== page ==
SAN FRANCISCO, Calif. — On May 19, Solar Cross Temple board member Elena Rose graduated from the Starr King School for the Ministry and, a few days later, was ordained by the historic Church for the Fellowship of All Peoples. During the graduation ceremony itself, all students were given two minutes to speak at the podium, and Rev. Rose used this opportunity to ask her school “to do better.” She explained, “I used my speaking time both to declare my love for the community and to speak about the various struggles I’ve faced there as a trans woman of color, and then asked the community to do better.” These struggles, which happened over five years, included everything from the continued use of wrong pronouns to physical threats.
Prior to graduation, Rev. Rose’s speech was approved by the dean of students, who expressed support and even asked for suggestions on policy changes. When the speech was delivered, it was given applause. Then, the next day, President Rev. Rosemary Bray McNatt released a public statement in response to Rev. Rose’s words.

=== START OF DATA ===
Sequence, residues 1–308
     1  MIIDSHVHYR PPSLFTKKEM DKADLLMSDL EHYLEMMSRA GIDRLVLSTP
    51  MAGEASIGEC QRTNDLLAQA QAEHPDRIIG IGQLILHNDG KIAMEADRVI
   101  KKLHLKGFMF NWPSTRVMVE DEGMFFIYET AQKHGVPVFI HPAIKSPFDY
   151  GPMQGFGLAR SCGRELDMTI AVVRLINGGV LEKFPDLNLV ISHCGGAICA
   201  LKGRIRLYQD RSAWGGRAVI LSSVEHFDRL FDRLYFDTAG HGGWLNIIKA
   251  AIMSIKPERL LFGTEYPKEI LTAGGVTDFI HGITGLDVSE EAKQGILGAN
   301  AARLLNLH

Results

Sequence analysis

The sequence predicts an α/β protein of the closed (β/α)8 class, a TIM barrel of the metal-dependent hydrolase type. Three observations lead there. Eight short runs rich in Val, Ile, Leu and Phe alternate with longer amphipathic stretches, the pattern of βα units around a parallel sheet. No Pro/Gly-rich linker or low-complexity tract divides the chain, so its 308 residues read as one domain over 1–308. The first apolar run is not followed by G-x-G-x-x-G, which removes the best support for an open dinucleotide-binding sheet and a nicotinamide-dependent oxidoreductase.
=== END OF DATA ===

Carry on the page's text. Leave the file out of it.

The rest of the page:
It read, in part, “Starr King School for the Ministry is dedicated to educating people for progressive religious leadership. We study and work as a community in order to counter oppressions and to create sustainable, inclusive, beloved communities […] One of our graduates shared her story of the moments when members of our community, or the school’s systems, failed her. Her story is deeply unsettling for all of us at Starr King, and though these events preceded my arrival as president, I am so sorry that this happened to her.” The statement also noted that the school would be implementing training programs to address the “larger, complex issues of oppression against transgender people, including the specific issues and concerns of transgender women of color.”